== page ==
The war at home

The war at home

by digby

Another day another taser death:

The mother of Jonathan White, 29, called police yesterday, because she needed help calming her son down. Although she had always been able to manage his schizophrenia and bipolar disorder, yesterday she called police because she could not stop her son from yelling, throwing things and ripping his clothes off, according to KTLA.

When police arrived, they too had trouble subduing him. White didn't attack officers but he was resisting them. They pepper-sprayed him and twice tased him, police said.

"It's possible that (the Taser) didn't complete a circuit," said San Bernardino police Lt. Gwen Waters.
(I don't know what that means. Is that a common problem? )

The use of tasers on the mentally ill is one sub-category of this controversy that really needs investigation. People who are in a delusional state cannot be expected to understand the orders that they comply. Indeed, they very likely will feel the horrible pain and struggle all the harder to get away from it. It's counterproductive to the alleged purpose of the intervention.

Here you have a situation in which there is no public safety issue. They could have called in mental health professionals to deal with it. Using pepper spray and electrical shocks on an already agitated schizophrenic was stupid. And it killed him.

I guess we are just supposed to see this as more "collateral damage" in the ongoing war against crime. And that's a direct result of the militarization of our police departments. Ex police chief Joseph McNamara addressed this dynamic in this op-ed:

Simply put, the police culture in our country has changed. An emphasis on "officer safety" and paramilitary training pervades today's policing, in contrast to the older culture, which held that cops didn't shoot until they were about to be shot or stabbed. Police in large cities formerly carried revolvers holding six .38-caliber rounds. Nowadays, police carry semi-automatic pistols with 16 high-caliber rounds, shotguns and military assault rifles, weapons once relegated to SWAT teams facing extraordinary circumstances. Concern about such firepower in densely populated areas hitting innocent citizens has given way to an attitude that the police are fighting a war against drugs and crime and must be heavily armed.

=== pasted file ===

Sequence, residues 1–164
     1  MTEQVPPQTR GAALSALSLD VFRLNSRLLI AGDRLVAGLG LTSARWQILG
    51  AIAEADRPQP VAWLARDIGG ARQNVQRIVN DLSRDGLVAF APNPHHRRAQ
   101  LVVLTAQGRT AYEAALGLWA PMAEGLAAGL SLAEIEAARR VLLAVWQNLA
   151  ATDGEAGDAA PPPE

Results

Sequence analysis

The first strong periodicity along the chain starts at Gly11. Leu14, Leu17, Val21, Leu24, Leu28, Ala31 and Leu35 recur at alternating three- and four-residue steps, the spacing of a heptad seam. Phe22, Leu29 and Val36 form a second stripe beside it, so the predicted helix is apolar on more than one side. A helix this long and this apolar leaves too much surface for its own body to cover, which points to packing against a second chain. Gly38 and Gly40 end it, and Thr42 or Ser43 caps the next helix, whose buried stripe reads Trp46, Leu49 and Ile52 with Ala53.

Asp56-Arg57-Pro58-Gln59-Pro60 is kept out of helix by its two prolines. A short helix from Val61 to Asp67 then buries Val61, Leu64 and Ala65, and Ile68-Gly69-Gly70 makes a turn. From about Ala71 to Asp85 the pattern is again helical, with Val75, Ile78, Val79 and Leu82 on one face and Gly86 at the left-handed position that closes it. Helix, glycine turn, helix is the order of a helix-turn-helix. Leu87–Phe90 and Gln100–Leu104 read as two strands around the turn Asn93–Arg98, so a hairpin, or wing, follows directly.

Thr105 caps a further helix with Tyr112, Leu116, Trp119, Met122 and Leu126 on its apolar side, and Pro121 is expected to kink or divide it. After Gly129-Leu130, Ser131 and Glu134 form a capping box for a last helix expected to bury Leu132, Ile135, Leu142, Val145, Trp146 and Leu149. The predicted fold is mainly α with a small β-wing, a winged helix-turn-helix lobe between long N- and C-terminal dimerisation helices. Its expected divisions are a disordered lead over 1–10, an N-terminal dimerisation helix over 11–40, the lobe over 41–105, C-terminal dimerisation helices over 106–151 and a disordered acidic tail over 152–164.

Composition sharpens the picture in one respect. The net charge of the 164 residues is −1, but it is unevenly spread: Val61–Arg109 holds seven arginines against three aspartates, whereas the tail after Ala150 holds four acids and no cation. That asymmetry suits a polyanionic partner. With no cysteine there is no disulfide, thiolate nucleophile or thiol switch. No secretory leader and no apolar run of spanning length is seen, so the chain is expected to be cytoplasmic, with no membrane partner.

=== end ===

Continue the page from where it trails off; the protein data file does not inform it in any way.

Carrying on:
Yes, police work is dangerous, and the police see a lot of violence. On the other hand, 51 officers were slain in the line of duty last year, out of some 700,000 to 800,000 American cops. That is far fewer than the police fatalities occurring when I patrolled New York's highest crime precincts, when the total number of cops in the country was half that of today. Each of these police deaths and numerous other police injuries is a tragedy and we owe support to those who protect us. On the other hand, this isn't Iraq. The need to give our officers what they require to protect themselves and us has to be balanced against the fact that the fundamental duty of the police is to protect human life and that law officers are only justified in taking a life as a last resort.

"Officer safety" is the excuse for tasers --- even on elderly women at traffic stops and unruly children having tantrums. In fact, it's commonly used so that the officers can demand instant compliance from the citizens regardless of the circumstances. I'm certainly sympathetic to the idea that policing is a dangerous job. But the pursuit of officer safety to the exclusion of everything else is to create a world in which the bill of rights is an anachronistic abstraction.

Being a cop in a free society is a tough gig. I think they deserve all the early pensions and great benefits they get for doing it. Anyone would burn out early from a job like that. But giving them carte blanche to use pain devices on the citizens in order to gain instant compliance and avoid any kind of physical altercation can't be right. Over time that war on crime morphs into a war on citizens.

Update: Check out this new compliance device in the pipeline. What could go wrong? (And the neat thing is that it can be aimed at a groups.)

This one is just awesome though:

XREP stands for Extended Range Electronic Projectile. It is a twelve gauge wireless projectile that has a firing range of 100 feet and can be capacitated from any kind of pump-action shotgun. As soon as the slug is fired from the gun, it speeds through the air and penetrates the suspect’s skin and causes sudden muscle paralysis. Thus, it is better than a Taser and has the common mechanism of a shotgun.

The current produced by the device will cause temporary damage to the nervous system. The developers are trying to upgrade the device by releasing a grenade version that is able to launch up to 200 feet